What more fruitful and appealing world for work, particularly for women, do these United States offer? If there is an idle or lonely woman anywhere revolting against the dullness of life, wanting work with the flavor and virility of pioneering in it, let her look to these mountains. She ‘ll find it. And what material to work with will come under her hands! “I often ask myself,” says the heroine of “Mothering on Perilous,” one of Miss Furman stories of the settlement school, “What other boys have such gifts to bring to their nation? Proud, self-reliant, the sons of heroes, bred in brave traditions, knowing nothing of the debasing greed for money, strengthened by a hand-to-hand struggle with nature from their very infancy (I have not known of one who did not begin at five or six to shoulder family responsibilities such as hoeing corn, tending stock, clearing new ground, grubbing, hunting, gathering the crops) they should bring to their country primal energy of body and spirit, unquenchable valor, and minds untainted by the lust of wealth.”
IDA M. TARBELL
Sight to the Blind
One morning in early September, Miss Shippen, the trained nurse at the Settlement School on Perilous, set off for a day of district-visiting over on Clinch, accompanied by Miss Loring, another of the workers. After riding up Perilous Creek a short distance, they crossed Tudor Mountain, and then followed the headwaters of Clinch down to Skain’s Fork, where in a forlorn little district-school-house the trained nurse gave a talk on the causes and prevention of tuberculosis, the spitting of tobacco-juice over the floor by teacher and pupils abating somewhat as she proceeded. Two miles farther on she stopped at the Chilton home for a talk to half a dozen assembled mothers on the nursing and prevention of typhoid, of which there had been a severe epidemic along Clinch during the summer.
Afterward the school-women were invited to dinner by one of the visiting mothers. Mrs. Chilton at first objected to their going, but finally said:
“That ‘s right; take ’em along with you, Marthy. I allow it ‘ll pyeerten Aunt Dalmanuthy up to hear some new thing. She were powerful’ low in her sperrits the last I seed.”
“Pore maw!” sighed Marthy, her soft voice vibrant with sympathy. “It looks like things is harder for her all the time. Something new to ruminate on seems to lift her up a spell and make her forgit her blindness. She has heared tell of you school-women and your quare doings, and is sort of curious.”
“She is blind?” inquired the nurse.
“Blind as a bat these twelve year’,” replied Mrs. Chilton; “it fell on her as a judgment for rebelling when Evy, her onliest little gal, was took. She died of the breast-complaint; some calls it the galloping consumpt’.”
“I allus allowed if Uncle Joshuay and them other preachers had a-helt off and let maw alone a while in her grief,” broke in Marthy’s gentle voice, “she never would have gone so far. But Uncle Joshuay in especial were possessed to pester her, and inquire were she yet riconciled to the will of God, and warn her of judgment if she refused.”
“Doubtless Uncle Joshuay’s high talk did agg her on,” said Mrs. Chilton, impartially, “but she need n’t to have blasphemed like she done at Evy’s funeral occasion.”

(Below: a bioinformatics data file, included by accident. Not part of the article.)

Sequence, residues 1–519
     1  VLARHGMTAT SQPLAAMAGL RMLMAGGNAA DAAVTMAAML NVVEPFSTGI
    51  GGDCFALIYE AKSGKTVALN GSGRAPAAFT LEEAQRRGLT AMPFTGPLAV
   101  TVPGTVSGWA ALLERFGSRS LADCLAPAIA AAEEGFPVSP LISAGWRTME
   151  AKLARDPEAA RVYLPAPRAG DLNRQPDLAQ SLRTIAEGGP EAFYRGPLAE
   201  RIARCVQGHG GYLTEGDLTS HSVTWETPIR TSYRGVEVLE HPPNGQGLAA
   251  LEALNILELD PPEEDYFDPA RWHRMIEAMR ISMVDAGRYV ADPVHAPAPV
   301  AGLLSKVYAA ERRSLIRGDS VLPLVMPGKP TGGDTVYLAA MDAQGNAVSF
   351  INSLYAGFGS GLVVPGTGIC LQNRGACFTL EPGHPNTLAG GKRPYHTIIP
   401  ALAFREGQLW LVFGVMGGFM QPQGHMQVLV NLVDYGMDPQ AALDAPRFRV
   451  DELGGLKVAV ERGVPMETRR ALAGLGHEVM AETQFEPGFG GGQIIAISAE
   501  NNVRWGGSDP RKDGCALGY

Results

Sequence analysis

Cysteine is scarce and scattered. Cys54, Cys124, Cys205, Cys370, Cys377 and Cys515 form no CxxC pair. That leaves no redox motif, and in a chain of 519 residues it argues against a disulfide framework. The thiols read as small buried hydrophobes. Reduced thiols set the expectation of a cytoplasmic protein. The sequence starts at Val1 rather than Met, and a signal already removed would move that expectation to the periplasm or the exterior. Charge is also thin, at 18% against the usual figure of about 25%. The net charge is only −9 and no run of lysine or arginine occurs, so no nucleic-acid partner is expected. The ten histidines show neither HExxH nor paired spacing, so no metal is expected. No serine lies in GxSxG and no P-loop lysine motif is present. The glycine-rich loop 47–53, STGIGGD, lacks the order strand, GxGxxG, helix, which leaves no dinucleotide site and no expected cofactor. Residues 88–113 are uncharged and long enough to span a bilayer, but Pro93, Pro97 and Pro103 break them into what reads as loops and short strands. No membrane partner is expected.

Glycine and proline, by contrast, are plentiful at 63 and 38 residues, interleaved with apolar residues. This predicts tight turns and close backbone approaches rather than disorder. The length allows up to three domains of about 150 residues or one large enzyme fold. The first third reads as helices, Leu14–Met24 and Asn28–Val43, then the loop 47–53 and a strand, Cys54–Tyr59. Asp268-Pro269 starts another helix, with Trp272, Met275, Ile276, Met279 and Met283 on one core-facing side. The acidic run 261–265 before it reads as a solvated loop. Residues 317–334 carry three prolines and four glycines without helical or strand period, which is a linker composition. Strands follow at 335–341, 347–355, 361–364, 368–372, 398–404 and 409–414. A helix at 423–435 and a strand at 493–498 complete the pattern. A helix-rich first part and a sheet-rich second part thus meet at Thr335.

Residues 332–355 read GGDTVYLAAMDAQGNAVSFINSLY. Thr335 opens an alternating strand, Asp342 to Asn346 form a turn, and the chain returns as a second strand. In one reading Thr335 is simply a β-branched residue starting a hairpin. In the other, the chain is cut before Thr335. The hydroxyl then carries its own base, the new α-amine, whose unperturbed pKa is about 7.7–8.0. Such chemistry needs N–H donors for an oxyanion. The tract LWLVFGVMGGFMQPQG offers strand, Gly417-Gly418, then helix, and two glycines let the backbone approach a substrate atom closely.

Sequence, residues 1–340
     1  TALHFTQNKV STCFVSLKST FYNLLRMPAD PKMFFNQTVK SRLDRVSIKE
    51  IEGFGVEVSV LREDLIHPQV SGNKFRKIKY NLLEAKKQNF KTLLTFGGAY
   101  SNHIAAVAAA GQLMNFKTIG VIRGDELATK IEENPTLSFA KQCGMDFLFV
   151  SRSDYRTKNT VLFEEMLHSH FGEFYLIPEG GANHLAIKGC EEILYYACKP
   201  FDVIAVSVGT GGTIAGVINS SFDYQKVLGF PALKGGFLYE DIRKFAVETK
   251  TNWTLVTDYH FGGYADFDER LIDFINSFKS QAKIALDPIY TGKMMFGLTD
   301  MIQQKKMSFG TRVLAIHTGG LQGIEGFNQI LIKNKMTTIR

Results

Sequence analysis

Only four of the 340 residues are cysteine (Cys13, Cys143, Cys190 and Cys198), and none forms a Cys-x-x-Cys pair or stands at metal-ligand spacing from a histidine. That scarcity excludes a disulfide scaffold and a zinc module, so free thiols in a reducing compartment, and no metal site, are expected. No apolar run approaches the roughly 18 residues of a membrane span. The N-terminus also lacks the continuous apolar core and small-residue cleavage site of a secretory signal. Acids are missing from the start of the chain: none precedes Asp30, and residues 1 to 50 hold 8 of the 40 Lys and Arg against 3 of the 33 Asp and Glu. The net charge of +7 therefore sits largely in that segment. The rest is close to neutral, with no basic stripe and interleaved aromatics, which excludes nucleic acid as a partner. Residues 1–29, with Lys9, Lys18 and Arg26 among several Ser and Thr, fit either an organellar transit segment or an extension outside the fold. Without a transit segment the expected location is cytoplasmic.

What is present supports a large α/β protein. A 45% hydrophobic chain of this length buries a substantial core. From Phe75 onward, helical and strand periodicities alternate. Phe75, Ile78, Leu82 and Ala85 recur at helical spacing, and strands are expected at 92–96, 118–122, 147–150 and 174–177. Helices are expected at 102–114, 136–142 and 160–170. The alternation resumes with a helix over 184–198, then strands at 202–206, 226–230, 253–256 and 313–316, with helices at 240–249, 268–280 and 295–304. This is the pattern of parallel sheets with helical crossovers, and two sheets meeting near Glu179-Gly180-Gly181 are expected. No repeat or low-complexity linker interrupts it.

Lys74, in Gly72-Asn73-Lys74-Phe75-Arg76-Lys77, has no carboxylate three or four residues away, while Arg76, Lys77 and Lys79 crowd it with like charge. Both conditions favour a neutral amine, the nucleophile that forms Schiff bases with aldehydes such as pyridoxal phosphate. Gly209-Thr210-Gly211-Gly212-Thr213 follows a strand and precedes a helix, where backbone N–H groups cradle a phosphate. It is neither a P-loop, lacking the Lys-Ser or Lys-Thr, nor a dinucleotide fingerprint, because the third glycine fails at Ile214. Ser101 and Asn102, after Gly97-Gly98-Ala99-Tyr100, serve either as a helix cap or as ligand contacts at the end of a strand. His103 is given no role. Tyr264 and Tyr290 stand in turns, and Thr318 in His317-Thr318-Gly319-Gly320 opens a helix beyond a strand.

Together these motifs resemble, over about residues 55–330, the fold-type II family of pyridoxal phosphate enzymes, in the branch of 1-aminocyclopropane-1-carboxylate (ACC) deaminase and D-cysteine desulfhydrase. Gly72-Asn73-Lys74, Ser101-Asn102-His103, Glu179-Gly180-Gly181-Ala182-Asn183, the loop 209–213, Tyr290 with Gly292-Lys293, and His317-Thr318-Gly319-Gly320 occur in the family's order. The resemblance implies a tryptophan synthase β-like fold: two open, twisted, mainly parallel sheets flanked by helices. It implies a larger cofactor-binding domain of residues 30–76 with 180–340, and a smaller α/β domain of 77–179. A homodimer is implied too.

Marthy covered her face with her hands.
“Oh, that day!” she exclaimed, shuddering. “Will I ever forgit it? John and me had got married just a month before Evy died in October, and gone to live up the hollow a small piece from maw, and even then she were complaining of a leetle scum over her eyes. Losing Evy, and rebelling like she done atterward, and Uncle Joshuay’s talk, holp it along fast, and it were plain to all before winter were over that he had prophesied right, and her sight were a-going. I would come down the branch of a morning and beg her to let me milk the cow and feed the property and red up the house and the like, but she would refuse in anger, and stumble round over chairs and table and bean-pot and wash-kittle, and maintain all spring and summer her sight were as good as ever. Never till that day of the funeral occasion, one year atter Evy died, did she ever give in.”
Here Marthy again covered her face with her hands, and Mrs. Chilton took up the tale:
“I can see her now, up thar on the hill-shoulder, betwixt you and John on the front log, by Evy’s grave-house, and Uncle Joshuay a-hollering and weeping and denouncing like he does, and her setting through it like a rock. Then finally Uncle Joshuay he thundered at her the third time, ‘Hain’t it the truth, Sister Dalmanuthy, that the judgment and the curse of God has fell on you for your rebelliousness, like I prophesied, and that you hain’t able to see John thar or Marthy thar or the hand thar before your face thar?’ when Aunt Dalmanuthy riz up sudden, and clinched her hands, and says slow and fierce: ‘Man, it _is_ the truth you speak. The curse _has_ fell; and I hain’t able to see John here or Marthy here or the hand here before my face here. But listen what I got to say about it. I’m able to hate and to curse as good as God. And I do! I hate and curse the Hand that, after taking all else I loved, snatched from my bosom the one little yoe lamb I treasured thar; I hate and curse Him that expected me to set down tame and quiet under such cruelty and onjestice; I hate and curse and defy the Power that hated and spited me enough, atter darkening the light of my life, to put out the sight of my eyes! Now,’ she says, ‘you lay claim to being mighty familiar with the Lord; take that message to Him!’ she says.